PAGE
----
Microsoft highlights new accessibility features coming soon to Windows 11

Source: Daniel Rubino / Windows Central

What you need to know

  • Microsoft is introducing new accessibility features to Windows 11 soon.
  • These new features include a new Live Captions tool, voice access control, focus mode, and more.
  • These features are now available in the Insider Dev and Beta Channel.

Microsoft highlighted several new accessibility features that will soon be rolling out to Windows 11 during the Ability Summit 2022 keynote. The company is pushing hard on building features designed to make Windows 11 easier to use for everyone, including people with disabilities.

Windows Insider has already tested most of these new accessibility features in the latest Dev and Beta Channel builds. These new features include a new Focus mode, live system-wide annotations, a new Voice Access tool, and more Windows Narrator natural sounds.

Focus on the windows

Focus in Windows

Source: Microsoft

Focus is an evolution of the Focus Assist and Do Not Disturb features from previous versions of Windows. It’s now integrated into the Notification Center, and can be enabled with the click of a button. Once enabled, Windows will reduce distractions, and hide notifications unless configured otherwise.

In addition, Microsoft has also built a new Focus Sessions feature in the Notification Center, which makes it easy to set an “Action” timer that will enable focus for a certain amount of time. When enabled, Windows will turn on Do Not Disturb as well as turn on taskbar badges to reduce distractions even further.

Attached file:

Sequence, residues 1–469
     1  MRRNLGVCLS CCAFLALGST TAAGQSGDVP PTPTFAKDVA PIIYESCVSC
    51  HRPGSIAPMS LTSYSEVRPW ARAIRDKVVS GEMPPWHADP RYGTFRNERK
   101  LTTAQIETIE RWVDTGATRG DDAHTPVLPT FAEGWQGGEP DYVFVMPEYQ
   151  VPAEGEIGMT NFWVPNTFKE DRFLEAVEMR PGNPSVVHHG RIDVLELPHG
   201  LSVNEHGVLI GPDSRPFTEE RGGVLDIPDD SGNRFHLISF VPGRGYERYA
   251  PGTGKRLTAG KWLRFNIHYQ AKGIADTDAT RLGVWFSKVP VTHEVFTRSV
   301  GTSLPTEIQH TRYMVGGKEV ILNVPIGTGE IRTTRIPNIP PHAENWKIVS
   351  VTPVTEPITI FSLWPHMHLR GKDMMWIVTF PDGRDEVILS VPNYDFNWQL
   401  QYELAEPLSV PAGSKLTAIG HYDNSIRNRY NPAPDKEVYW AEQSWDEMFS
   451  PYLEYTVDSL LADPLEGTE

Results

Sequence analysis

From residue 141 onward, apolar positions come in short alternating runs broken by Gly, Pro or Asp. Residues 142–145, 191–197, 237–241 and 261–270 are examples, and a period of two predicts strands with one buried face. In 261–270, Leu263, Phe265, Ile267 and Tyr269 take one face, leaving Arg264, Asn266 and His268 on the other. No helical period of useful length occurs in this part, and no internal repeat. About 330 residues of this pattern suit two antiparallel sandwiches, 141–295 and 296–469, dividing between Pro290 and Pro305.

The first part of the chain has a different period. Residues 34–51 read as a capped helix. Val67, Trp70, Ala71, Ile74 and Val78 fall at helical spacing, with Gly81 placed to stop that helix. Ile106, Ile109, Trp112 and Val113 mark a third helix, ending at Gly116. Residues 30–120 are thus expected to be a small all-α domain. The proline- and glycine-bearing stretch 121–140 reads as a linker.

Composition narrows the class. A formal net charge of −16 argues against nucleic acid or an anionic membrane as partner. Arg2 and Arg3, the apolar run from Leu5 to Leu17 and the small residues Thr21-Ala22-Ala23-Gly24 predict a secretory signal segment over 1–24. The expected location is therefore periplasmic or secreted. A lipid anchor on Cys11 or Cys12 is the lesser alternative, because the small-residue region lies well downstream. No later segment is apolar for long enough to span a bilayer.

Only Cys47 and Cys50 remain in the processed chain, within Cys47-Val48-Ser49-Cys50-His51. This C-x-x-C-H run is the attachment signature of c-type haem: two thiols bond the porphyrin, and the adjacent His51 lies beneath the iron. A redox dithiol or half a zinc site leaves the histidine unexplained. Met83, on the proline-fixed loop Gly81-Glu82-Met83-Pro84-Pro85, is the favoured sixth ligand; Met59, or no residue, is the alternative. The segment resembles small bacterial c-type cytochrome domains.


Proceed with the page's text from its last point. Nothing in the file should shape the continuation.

Live Comments

Focus in Windows

Source: Microsoft

Microsoft’s new Live Captions feature is a tool already available on Android. It’s a system-wide translation feature, which will analyze audio playback from any source and display the text when it recognizes the words being spoken. It’s a great feature, and it’s nice to see Microsoft build its own version for Windows PCs.

The feature is also customizable. It can be placed anywhere on the screen, be it the top, side or bottom of the screen. You can also change the size, font, and transparency of the text and the caption panel. Plus, Live Captions are analyzed and served locally, which means you don’t need to be connected to the internet in order to work (once the initial setup is complete).

Voice Access

Voice Access Picture

Source: Microsoft

The new Voice Access feature in Windows 11 is a more powerful version of the old speech recognition tool that lets you control your computer with just your voice. Instead of using a mouse and keyboard, Voice Access lets you interact with Windows using words and phrases.

When enabled, the user can ask Windows to do things like “open start” or “switch to the edge” and then interact with the app with common commands like “scroll down”, or if the user is not sure which commands they can use, they can ask “What can I say?” And Windows will present all the commands available to them.

Windows Narrator

More natural narrator voices

Source: Microsoft

Finally, Microsoft is highlighting more natural sounds for the built-in Windows Narrator feature. Remember Microsoft SAM? Well, he was fired. We now have Microsoft Aria, Microsoft Guy, and Microsoft Jenny, all of whom Microsoft promotes as having “natural” voices that are easy to understand.

Along with these highlights, Microsoft has announced a new comprehensive technology lab designed to help it build future products that are accessible to all people. Additionally, it announced a line of new adaptive PC accessories, highlighted the new accessibility features in Edge, and demonstrated how Xbox game developers can build more accessible games.

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